Looking out at the bustling tarmac and cringing at the thought that I am about to be scrunched into a small seat in a metal tube rocketing across the globe for the next 10 hours, I wanted to end my chronicle. I can almost hear you sighs of relief that you no longer have to scroll through my voluminous tomes, and I promise this will not be one of those literary expositions. Instead, I want to shine light upon the true value of the trip. I leave you with blogs written by two of our students. The distinct journey of their lives have intersected for a moment in time, and these past 11 days have inevitably altered the path that lies ahead. Both Jen and Kaleb have trekked across the world, and, through separate eyes, they have witnessed the world beyond the borders of the HRBT. They will have a shared experience that will stay with them for the rest of their time at Norfolk Academy and beyond. Years from now, they may be scrolling through photographs of the bygone ages and stumble across a picture of this trip. It is true that a picture says a thousands words, but the memories that the photo will back are infinite. We must never allow ourselves to rely solely on the tangible evidence of our adventures, but rather take advantage of a more precious gift; the ability to engage socially with those around us and form lasting bonds of friendship that do not decay or fade.
- Matt Wilkens
On our second to last day in Italy, we went to Pompeii. Like Herculaneum, Pompeii looked so much more different than I had imagined. When I learned about Pompeii in Latin I, I imagined the site to be completely ruined with only the bases of the buildings intact. But seeing Pompeii in person blew my mind! The town looked not as if a volcano destroyed it but as if the town just deteriorated over time.
For the entire day at Pompeii, we were let loose to roam Pompeii by ourselves. The most exhilarating part of this entire Odyssey trip was being able to wander and get lost in Pompeii! The roads in Pompeii were so well preserved and walking on them felt weird because I had stepped where Roman citizens had walked so many centuries ago. Also, for future Odyssey travelers, I highly recommend drinking water from the public fountains in Pompeii. The water doesn’t taste bad but is actually really cold and refreshing.
Pompeii is definitely my favorite site that we visited. (Even though Caecilius’ house wasn’t available for us to visit…)
Throughout this adventure, we have been given the opportunity to explore some of the most historically important places in the world. We’ve studied Ancient Greek and Roman settlements, explored a volcano, and had the opportunity to see cities after being covered for over 2,000 years. We were able to understand the difference between Greek and Roman building techniques, learn how the Gods played a role in their everyday life and how they were able to please themselves with entertainment at their theatres. Though learning all this important information was really engaging, that wasn’t the most special part of the trip. This trip was made special by the way we were able to learn all this important information. Before we left on the trip, we had been split into three teams; Alpha, Beta and Gamma. These groups while at each of the sites, would be given a set of challenges to complete.The challenges acted as a guided learning experience, but the point of the challenges weren’t to make us only look for these things. The point was for us to explore and learn those specific things while we were exploring. The teachers would let us do this on our own. The three groups were then allowed to travel the sites on their own and forced us to rely on each other’s strengths to complete the tasks. This freedom given to the students allowed us to succeed, fail, learn, and have fun all in the same experience. That is why this trip was so special. Being with a group that bonded as well as we did and getting to learn from each other as our classroom from the past two years was being brought to life was a special opportunity. This sense of freedom caused all of us not only to evolve as teammates and leaders, but as people too. We were forced to associate ourselves with those we might not have before and because of this new friendships were begun. This odyssey gave us a lot of new information, but it also gave us new friendships and a sense of confidence when solving problems that couldn’t be found elsewhere.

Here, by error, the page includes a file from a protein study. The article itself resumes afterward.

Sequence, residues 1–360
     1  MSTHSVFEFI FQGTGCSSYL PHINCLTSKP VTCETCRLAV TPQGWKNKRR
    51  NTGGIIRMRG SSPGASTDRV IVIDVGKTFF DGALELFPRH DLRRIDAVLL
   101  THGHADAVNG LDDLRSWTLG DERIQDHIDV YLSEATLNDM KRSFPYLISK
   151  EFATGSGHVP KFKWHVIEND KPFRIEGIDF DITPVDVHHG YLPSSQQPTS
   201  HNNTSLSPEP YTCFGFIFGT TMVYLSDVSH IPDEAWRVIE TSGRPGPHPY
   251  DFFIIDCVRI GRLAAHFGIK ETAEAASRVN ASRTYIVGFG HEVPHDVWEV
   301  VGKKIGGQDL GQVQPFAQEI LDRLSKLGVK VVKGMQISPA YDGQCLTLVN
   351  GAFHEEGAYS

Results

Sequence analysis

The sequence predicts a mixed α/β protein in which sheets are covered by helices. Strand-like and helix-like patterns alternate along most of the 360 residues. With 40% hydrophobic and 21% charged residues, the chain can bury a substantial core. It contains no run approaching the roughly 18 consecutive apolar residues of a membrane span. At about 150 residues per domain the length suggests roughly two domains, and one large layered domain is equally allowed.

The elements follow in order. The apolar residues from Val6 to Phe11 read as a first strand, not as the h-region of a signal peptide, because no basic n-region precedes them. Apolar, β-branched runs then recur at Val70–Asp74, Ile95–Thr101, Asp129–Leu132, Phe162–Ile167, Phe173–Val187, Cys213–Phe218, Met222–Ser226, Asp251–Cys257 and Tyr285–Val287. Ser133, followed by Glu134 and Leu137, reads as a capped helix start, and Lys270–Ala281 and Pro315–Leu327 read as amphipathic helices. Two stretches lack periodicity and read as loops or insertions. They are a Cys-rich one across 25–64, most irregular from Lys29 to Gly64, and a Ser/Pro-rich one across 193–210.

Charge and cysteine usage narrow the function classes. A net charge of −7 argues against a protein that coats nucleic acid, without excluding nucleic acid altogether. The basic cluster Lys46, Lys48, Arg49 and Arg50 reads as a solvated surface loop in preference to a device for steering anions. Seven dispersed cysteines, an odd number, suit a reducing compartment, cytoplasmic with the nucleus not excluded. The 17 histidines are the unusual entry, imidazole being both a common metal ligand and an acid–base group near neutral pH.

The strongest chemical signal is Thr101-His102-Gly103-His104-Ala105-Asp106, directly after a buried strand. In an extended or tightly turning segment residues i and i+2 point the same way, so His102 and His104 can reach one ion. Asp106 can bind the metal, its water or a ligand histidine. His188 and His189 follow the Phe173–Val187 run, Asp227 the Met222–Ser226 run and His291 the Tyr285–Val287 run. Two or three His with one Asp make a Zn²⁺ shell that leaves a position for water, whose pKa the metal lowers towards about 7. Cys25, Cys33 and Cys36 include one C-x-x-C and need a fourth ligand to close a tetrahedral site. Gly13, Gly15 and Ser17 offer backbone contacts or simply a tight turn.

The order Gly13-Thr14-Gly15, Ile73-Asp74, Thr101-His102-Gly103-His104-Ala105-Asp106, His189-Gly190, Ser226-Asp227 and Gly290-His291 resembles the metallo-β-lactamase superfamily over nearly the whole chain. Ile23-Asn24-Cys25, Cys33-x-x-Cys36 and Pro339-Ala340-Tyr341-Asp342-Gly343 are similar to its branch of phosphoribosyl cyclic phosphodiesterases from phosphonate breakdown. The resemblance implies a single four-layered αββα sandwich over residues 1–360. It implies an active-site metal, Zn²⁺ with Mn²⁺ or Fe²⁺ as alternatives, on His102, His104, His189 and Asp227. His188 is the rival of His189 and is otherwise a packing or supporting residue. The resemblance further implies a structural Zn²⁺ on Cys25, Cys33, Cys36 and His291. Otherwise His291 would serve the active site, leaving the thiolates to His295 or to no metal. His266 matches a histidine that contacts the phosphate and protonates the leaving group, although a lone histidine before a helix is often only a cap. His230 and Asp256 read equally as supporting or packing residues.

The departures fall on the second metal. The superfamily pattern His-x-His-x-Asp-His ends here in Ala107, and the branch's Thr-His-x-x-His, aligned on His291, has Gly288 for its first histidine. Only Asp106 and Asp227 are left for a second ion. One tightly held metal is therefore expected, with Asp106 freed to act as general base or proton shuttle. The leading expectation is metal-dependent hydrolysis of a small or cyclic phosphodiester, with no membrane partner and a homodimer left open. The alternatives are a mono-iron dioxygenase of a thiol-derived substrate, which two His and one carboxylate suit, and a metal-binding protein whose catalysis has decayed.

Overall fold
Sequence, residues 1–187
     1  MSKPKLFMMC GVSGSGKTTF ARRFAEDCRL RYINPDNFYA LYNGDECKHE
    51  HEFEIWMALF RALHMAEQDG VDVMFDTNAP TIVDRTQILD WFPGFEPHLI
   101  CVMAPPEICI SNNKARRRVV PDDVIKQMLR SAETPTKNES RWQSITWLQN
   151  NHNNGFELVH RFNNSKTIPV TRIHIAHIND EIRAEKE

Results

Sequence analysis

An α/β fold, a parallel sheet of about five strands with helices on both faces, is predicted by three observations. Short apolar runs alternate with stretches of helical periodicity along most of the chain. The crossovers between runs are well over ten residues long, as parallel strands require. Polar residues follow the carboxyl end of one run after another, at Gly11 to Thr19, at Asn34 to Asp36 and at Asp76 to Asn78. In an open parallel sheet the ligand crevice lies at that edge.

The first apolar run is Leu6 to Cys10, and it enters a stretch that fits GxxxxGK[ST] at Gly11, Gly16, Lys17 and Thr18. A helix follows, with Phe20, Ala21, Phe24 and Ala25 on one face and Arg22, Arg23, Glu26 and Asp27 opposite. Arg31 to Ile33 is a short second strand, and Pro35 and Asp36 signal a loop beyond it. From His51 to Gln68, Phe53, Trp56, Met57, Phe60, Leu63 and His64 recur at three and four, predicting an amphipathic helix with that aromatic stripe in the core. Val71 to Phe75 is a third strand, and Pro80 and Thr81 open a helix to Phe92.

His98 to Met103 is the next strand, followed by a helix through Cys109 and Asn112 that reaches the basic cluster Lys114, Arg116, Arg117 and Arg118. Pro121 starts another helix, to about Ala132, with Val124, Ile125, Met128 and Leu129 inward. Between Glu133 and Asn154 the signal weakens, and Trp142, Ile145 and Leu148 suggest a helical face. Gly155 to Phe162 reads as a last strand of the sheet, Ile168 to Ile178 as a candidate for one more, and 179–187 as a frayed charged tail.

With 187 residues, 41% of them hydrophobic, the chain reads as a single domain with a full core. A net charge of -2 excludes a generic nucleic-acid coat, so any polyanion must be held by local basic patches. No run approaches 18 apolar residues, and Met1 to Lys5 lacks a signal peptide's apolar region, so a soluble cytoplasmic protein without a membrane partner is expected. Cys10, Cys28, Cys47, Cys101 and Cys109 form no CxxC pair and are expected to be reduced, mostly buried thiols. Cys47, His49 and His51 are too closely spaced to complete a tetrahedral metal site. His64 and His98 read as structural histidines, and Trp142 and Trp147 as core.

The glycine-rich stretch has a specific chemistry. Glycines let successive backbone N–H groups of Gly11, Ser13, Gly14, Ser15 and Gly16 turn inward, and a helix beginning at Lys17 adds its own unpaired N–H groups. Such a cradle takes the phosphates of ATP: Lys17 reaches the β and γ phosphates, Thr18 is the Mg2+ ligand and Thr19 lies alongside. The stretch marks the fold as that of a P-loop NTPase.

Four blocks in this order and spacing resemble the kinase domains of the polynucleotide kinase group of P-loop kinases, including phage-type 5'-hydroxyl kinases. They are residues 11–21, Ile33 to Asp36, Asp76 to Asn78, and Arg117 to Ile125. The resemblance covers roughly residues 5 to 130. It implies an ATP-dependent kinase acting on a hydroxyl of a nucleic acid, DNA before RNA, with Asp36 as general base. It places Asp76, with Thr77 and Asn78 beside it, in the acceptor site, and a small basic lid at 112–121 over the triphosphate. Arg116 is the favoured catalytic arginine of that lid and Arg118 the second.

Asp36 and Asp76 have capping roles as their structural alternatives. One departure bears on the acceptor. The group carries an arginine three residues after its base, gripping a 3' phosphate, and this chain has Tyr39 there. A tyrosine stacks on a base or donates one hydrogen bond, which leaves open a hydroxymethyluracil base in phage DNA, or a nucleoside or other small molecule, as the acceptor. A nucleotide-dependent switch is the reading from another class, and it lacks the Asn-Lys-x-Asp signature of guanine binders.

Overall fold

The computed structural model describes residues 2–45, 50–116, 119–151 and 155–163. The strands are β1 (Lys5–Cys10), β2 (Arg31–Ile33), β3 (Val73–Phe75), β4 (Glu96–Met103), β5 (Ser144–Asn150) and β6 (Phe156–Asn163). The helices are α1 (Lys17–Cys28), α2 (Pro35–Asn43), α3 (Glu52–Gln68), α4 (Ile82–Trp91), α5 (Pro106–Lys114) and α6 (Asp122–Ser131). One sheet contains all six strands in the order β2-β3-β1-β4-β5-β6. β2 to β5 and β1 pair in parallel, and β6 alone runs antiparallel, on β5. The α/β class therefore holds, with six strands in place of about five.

I have a feeling that when we return home and you ask your child, “How was your adventure?” or “What did you see?” the answer is going to be something like, “The trip was great. We saw some really cool old stuff” and then the conversation will launch into the silly things, the funny moments connected to their friends on the trip, and the minutia that is more a side note than a main theme.
In a few days some things will start to bubble up to the surface and you will catch snippets of the experience. “We swam in three different seas,” “We sat in the theater where Plato sat,” “We went up 10,000 feet and hiked in and out of craters on Mt. Etna.” The pictures will help remind them where they were and what they saw. Their journals will offer another vehicle for memory and perspective. But, largely, it will be a jumble of places, food, monuments, ideas, facts, feelings, and people.
They have been swimming in a sea of history, art, architecture, philosophy, mythology, literature, science, and Sicilian/Italian culture. They have had full days of activities and arrived tired at the hotel only to shower and rest for a few moments, then dress for dinner at 8pm. I wish you could have seen them at dinner! Not only were they trying new things, finding new tastes, discovering new flavors, but they sat and talked and enjoyed life and conversation and each other for two or three hours, which is the Italian/Sicilian way. Despite the fact that sometimes their volume reached middle school refectory levels, we received compliments on their behavior from people of all different nationalities. Time after time, someone would approach our table, ask what we were doing in Sicily, pepper us with questions about our school, our program, our students and walk away impressed with and envious of them.
In fact, I am envious of them. They have made an Odyssey, an epic journey that will color all their experiences in the years to come. And, like Homer’s epic, it will take a lifetime to understand it and appreciate not only what it was, but also how it has changed them.
So be patient with them and their cursory retorts. Just ask them about the small things and you might start to see some of the big things.